Middle East Respiratory Syndrome Coronavirus (MERS-CoV)

Middle East Respiratory Syndrome (MERS) is caused by a coronavirus (MERS-CoV). Coronaviruses are a large and diverse family of viruses which include viruses that are known to cause illness in humans (including the common cold and SARS) and animals.

About MERS

MERS is a viral respiratory illness first reported in Saudi Arabia in 2012. It is caused by a novel coronavirus called Middle East respiratory syndrome coronavirus (MERS-CoV). MERS-CoV is a zoonotic virus that has repeatedly entered the human population via direct and indirect contact with infected dromedary camels in the Middle East. Person-to-person transmission is known to occur, particularly in healthcare settings.

Symptoms of MERS include fever, cough and shortness of breath. In some cases, gastrointestinal symptoms including diarrhea and nausea/vomiting have been reported.

For a clinical description, case definitions, and advice about investigation and management of suspected cases, please refer to the Middle East respiratory syndrome (MERS) Chapter of the Communicable Disease Control Manual

MERS is a notifiable and quarantinable disease under the Health Act 1956. Any suspected case should immediately be notified to the local Medical Officer of Health, by the attending medical practitioner and the laboratory. Any contacts of a probable or confirmed case should also be reported to the local Medical Officer of Health.

No cases of MERS have been detected in New Zealand.

Updated information on case numbers and countries that have reported MERS cases is available on the World Health Organization (WHO) website:

Advice for travellers

Information for travellers is available on the New Zealand Safe Travel website. This includes WHO advice to practice normal hygiene measures, including frequent hand washing and avoiding close contact with animals (particularly camels) and people who are suffering from acute respiratory infections.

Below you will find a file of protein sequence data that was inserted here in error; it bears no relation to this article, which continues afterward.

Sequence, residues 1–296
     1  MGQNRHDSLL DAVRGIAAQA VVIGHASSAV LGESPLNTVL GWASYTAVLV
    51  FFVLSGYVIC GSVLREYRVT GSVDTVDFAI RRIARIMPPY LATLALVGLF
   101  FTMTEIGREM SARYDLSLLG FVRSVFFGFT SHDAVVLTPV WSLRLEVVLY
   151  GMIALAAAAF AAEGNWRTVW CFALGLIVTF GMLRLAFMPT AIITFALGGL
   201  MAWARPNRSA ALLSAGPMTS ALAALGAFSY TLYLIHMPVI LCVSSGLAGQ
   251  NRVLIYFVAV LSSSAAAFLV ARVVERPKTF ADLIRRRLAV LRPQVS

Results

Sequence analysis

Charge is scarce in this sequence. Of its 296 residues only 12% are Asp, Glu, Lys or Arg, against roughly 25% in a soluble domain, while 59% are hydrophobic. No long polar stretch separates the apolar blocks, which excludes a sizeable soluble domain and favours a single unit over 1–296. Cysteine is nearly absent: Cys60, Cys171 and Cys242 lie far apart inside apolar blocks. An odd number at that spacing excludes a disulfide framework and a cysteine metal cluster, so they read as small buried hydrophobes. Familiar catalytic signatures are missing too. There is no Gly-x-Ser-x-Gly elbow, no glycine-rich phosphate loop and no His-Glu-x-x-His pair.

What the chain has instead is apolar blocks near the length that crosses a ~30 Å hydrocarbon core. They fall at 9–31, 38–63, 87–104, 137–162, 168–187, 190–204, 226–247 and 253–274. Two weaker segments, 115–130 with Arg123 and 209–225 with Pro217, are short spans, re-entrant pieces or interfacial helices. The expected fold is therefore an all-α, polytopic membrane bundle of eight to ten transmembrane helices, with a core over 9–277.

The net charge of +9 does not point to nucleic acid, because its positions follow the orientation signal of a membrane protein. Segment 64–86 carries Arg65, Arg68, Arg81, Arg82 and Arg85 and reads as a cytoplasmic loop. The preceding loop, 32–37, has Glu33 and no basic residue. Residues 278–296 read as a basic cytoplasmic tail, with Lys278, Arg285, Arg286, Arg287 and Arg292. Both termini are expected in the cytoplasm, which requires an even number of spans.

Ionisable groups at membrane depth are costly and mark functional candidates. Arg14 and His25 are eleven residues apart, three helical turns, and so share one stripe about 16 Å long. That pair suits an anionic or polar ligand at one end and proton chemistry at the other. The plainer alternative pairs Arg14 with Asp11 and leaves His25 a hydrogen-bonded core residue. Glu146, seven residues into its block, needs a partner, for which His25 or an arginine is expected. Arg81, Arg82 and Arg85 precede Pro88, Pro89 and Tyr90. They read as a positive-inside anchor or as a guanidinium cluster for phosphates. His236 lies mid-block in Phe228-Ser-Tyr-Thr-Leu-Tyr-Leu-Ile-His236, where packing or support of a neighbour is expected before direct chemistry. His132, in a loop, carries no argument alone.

Anyone who becomes unwell within 14 days of returning from the Middle East (or with a history of being in a health care facility – as a patient, worker or visitor – in a country with health care facility transmission of MERS) should phone their doctor or call Healthline on 0800 611 116. It is important to mention recent travel to the Middle East, and any known contact with someone with MERS.

Countries of the Middle East should be considered as: Bahrain, Iraq, Iran, Israel, Jordan, Kuwait, Lebanon, Oman, Occupied Palestinian Territories, Qatar, Saudi Arabia, Syria, the United Arab Emirates (UAE), and Yemen. However, not all of these countries have had cases of MERS. The latest information on where cases have been reported would be taken into account when considering someone's travel history and their risk of having MERS. Transiting through an international airport (<24 hours stay, remaining within the airport) is not considered to be risk factor for infection.

New Zealand does not have any travel restrictions in respect to MERS.

The Ministry of Health has produced advice for pilgrims Travelling for Hajj or Umrah.

Further information and resources

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